We could have input monitor as a small op-amp driving the 4n25, and in this case, the output of the op-amp is not used for music--we can clip the op-amp, not the power amp. I'd also like to see a convenient dial for fine tuning extent (amplitude of the automated voltage divider) and another dial for fine tuning engagement (voltage to light the 4n25).

You can build this more easily, since 4n25's and op amps are inexpensive and everywhere.
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Old 8th May 2012, 12:44 AM   #48
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Well, there are some reasons a better LP filter will help, others it may hinder. Because of the nonlinear nature of the LDR, gain increases dramatically with input which is why it will motorboat if too high input is given. For this reason I switched to current-drive mode.

This new schematic allows for the use of much smaller film caps for the filtering, and is in many ways better. Thoughts:

I suppose you want immediate suppression of spontaneous transients, rather than a lingering drop in gain after a transient. The "lingering" is adjusted with R1. It could even be a knob.

R12 controls the threshold, it could be a knob too. I haven't looked into how I should reconcile the two redundant threshold controls, R12 and D5. Maybe delete D5? But then Q5's tempco would affect the threshold quite a bit.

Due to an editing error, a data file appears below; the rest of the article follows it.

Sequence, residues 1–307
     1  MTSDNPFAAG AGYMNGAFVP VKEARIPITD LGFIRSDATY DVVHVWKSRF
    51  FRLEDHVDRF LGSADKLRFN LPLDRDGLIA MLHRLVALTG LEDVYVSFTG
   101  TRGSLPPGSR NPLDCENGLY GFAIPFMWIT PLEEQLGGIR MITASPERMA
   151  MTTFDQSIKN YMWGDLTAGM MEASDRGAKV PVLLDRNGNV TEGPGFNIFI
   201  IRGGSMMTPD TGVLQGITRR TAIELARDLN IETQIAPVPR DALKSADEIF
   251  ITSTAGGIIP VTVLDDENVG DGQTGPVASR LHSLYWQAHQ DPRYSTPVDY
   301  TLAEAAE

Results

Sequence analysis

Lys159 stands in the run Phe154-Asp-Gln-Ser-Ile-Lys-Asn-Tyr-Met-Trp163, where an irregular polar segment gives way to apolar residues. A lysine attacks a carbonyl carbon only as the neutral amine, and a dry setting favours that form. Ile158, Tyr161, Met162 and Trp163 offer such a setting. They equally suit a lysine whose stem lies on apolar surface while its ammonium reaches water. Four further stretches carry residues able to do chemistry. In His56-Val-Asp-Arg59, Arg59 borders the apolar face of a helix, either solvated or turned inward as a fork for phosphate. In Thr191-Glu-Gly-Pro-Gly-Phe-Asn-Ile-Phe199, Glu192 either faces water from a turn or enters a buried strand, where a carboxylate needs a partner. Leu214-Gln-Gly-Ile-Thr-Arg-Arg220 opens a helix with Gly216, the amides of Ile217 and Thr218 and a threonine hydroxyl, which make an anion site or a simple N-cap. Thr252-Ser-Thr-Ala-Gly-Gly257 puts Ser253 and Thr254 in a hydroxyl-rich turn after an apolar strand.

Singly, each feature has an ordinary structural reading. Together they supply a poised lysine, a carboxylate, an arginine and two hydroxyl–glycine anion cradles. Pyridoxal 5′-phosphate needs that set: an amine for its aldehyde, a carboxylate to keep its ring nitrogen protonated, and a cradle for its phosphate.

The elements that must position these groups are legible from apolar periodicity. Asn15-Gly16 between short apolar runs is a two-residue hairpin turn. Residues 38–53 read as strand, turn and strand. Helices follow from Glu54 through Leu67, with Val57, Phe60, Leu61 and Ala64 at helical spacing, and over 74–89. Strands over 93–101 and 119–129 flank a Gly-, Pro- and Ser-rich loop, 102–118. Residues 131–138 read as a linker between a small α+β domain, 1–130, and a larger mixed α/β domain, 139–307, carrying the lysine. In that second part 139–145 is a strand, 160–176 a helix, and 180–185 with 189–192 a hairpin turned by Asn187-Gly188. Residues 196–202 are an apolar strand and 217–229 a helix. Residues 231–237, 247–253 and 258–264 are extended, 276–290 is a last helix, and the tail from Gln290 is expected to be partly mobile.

The current drive buffer is convenient in that it allows us to shape the filtering without anomalous effects from the LED impedance. We can also use small film caps, so the circuit is more reliable.

This is how it operates at 2x overload, adjusted for 13V threshold.

I was thinking, why not try to use a thermistor-based coupler? A heater+thermistor combination chip would be extremely configurable and useful, just by changing things like heatsink size, thermal resistance to PCB and such, and if the heater was close enough to the resistor it may be capable of reasonable response times. Dunno if such things exist though.
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Last edited by keantoken; 8th May 2012 at 12:56 AM.
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Old 8th May 2012, 06:33 AM   #49
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Did you try the 4n25?
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Old 8th May 2012, 05:05 PM   #50
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The 4N25 is a transistor optocoupler, if you used it you would still need the LDR anyways. It could be helpful, or not. I'm not sure what you want to use the 4N25 for?